— approved a recommendation to the SBC annual meeting to harmonize the provisions of Bylaw 15 on the Committee on Nominations and Bylaw 19 on the Committee on Committees relating to their respective nomination processes.

— declined to recommend to the annual meeting amendment of the convention’s bylaws to prohibit executive officers of SBC entities from also serving as president of the SBC, “preferring instead to affirm the ballot process, through which messengers determine for themselves whether a candidate with an inherent conflict of interest should be elected as convention president.”

— chose not to recommend that the SBC constitution be amended as proposed in a motion during the Indianapolis annual meeting, which suggested that Article III on membership be changed to disallow relating to churches with female senior pastors. The committee said the Baptist Faith and Message speaks clearly to the issue “and no amendment is necessary to challenge the friendly cooperation of any church on any grounds, since that already is possible by means of the motion process.”

— declined, “in the absence of any evidence of abuse, inequity or difficulty,” to recommend changing trustee term lengths noting the SBC constitution, “permits appropriate trustee term lengths, the possibility of elections to second terms of service, and appropriate limitations on trustee service by members of the same church.” The motion had been to limit trustees to one seven-year term of service.

— declined to act on a motion referred from the 2008 meeting to amend Article VIII of the SBC constitution to list elements of qualification for trustee service, “instead preferring to encourage the Committee on Committees and Committee on Nominations to continue the historic practice of inquiring about the Christian character and conduct of candidates and their churches.”

— declined to recommend amending the convention’s bylaws “to prevent the rare and harmless possibility of a second run-off.” A messenger had asked that if no candidate receives a majority of votes cast on the first ballot, a second ballot should be taken containing the names of the two candidates receiving the most votes on the first ballot [eliminating the possibility of a second runoff]. SBC bylaws currently stipulate that “subsequent ballots shall carry the names of those who are included in the top 50 percent of the total votes cast in the previous ballot,” allowing for two run-offs as needed.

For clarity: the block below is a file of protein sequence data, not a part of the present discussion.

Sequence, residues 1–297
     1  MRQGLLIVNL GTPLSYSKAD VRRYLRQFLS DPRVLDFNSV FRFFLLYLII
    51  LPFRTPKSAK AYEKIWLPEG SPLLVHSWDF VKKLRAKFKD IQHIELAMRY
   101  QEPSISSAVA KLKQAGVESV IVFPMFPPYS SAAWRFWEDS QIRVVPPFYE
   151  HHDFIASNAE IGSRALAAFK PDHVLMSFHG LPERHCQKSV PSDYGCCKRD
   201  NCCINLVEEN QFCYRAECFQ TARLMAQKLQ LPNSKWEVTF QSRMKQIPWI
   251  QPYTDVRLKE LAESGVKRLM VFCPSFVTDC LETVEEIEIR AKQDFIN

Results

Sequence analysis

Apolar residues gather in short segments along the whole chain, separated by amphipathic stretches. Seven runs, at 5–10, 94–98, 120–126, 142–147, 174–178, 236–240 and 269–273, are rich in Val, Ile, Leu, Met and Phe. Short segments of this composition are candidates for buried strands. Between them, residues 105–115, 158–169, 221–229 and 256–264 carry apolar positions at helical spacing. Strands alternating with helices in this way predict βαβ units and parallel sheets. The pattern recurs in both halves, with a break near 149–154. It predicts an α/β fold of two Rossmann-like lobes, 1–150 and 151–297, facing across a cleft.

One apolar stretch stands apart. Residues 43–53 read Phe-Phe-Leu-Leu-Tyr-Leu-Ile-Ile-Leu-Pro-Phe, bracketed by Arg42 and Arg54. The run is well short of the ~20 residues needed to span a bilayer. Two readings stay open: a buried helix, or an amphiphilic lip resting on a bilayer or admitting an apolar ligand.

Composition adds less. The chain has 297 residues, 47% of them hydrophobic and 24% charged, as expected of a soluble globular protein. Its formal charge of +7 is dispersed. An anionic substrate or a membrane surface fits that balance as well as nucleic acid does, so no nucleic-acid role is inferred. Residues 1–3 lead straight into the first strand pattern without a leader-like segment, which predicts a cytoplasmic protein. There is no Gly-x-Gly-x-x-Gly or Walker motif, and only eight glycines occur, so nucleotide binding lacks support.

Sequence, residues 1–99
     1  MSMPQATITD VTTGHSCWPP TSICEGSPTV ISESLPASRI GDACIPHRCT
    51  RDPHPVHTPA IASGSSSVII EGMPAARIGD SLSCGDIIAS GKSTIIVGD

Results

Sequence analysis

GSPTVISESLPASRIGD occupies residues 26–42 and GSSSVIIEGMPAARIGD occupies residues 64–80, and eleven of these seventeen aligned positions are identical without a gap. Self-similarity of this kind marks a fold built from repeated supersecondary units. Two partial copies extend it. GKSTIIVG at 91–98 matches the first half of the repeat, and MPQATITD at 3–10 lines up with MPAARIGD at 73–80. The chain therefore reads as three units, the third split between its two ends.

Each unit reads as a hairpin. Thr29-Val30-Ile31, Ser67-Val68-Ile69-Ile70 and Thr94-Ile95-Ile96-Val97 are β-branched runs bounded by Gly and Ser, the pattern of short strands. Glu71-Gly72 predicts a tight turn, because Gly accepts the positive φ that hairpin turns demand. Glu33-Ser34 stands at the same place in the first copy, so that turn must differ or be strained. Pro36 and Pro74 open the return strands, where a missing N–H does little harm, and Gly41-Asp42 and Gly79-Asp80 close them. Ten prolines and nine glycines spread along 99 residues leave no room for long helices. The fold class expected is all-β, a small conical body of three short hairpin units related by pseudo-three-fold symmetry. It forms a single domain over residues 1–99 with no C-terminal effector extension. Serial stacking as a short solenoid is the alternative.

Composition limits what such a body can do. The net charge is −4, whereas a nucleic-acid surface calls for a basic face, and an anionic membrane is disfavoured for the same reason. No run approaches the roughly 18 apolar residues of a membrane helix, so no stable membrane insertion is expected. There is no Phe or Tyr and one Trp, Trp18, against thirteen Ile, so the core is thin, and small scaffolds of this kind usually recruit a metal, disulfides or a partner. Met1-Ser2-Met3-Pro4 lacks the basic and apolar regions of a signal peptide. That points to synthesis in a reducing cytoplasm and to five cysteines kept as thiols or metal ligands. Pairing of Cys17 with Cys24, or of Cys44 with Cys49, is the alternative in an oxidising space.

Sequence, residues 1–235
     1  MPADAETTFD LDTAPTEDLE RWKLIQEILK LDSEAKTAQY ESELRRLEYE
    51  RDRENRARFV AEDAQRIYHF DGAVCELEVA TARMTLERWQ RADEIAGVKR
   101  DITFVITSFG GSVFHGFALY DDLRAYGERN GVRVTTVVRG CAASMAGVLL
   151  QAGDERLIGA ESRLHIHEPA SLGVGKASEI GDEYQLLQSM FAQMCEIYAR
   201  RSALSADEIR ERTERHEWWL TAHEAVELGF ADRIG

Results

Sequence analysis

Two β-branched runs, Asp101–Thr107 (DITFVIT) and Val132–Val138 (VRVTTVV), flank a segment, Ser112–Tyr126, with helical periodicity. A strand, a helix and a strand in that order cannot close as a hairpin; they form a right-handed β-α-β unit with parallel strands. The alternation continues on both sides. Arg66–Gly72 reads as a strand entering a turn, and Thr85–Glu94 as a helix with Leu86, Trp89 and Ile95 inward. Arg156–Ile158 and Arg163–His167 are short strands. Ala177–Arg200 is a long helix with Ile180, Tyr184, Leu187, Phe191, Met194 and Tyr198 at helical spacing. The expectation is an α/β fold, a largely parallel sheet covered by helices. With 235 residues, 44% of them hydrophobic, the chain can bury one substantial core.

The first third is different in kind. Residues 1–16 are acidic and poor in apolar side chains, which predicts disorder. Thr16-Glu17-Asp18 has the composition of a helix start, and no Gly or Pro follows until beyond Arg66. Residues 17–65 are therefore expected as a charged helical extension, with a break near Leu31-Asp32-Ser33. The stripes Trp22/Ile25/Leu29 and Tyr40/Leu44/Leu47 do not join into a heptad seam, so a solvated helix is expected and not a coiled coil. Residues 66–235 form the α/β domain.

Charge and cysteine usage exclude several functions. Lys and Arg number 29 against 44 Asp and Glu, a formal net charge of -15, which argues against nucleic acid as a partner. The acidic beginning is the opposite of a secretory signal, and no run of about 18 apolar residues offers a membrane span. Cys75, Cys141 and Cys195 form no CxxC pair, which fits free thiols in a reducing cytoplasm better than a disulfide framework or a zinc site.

The Executive Committee adopted a resolution of appreciation for Doyle Chauncey upon his retirement as executive director-treasurer of the Southern Baptist Conservatives of Virginia for more than 12 years.

Chauncey led the formation and stabilization of a new state convention in Virginia, the resolution noted, and he promoted aggressive missions giving through the Cooperative Program, leading to “a total increase in giving of more than 1,200 percent over the course of 11 years.” From the state convention’s inception, Virginia Baptists have embraced a 50/50 CP allocation between state missions causes and SBC causes.

Under Chauncey’s leadership, the SBCV established missions partnerships with six countries and increased from 115 to more than 500 affiliated churches.

The resolution also mentioned that Chauncey served 18 years in pastoral and church staff positions at five churches in Virginia and Texas and served for four years as treasurer of the Baptist General Association of Virginia.

“He has helped bear the banner of biblical fidelity while maintaining a Christ-like spirit, faithfully and diligently contending for the faith that was delivered to the saints once and for all,” the resolution said.

Also during the meeting, Thom Rainer, president of LifeWay Christian Resources, presented a check to the Executive Committee for $611,386.19 for SBC missions raised this summer at the various youth camps hosted by LifeWay, including Centrifuge, M-Fuge and X-Fuge.

The offering encompassed gifts from 83,899 campers, Rainer said, noting that two-thirds of the amount will be allocated to the International Mission Board and one-third to the North American Mission Board.
Reported by Baptist Press assistant editors Michael Foust and Mark Kelly and staff writer Erin Roach.